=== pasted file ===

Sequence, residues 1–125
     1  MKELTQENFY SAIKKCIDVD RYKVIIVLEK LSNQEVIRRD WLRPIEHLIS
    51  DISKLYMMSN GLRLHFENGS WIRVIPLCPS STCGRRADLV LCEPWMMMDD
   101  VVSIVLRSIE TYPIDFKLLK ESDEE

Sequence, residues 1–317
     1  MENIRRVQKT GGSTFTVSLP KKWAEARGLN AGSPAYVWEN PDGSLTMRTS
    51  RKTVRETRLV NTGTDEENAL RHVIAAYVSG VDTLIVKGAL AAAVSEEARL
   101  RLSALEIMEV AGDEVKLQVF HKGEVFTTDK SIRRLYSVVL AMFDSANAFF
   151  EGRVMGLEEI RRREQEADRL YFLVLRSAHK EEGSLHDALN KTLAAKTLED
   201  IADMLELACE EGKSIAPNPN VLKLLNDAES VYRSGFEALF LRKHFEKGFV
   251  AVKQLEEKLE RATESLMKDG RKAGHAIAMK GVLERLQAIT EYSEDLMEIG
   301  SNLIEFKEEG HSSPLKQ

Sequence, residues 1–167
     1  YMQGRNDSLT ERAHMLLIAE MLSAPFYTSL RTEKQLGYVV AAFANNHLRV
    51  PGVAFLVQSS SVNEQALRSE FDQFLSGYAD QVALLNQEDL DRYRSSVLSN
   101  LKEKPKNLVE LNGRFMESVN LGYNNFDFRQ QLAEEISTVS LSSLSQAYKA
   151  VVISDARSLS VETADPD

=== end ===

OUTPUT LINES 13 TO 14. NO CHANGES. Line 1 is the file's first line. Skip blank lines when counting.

Sequence, residues 1–167
     1  YMQGRNDSLT ERAHMLLIAE MLSAPFYTSL RTEKQLGYVV AAFANNHLRV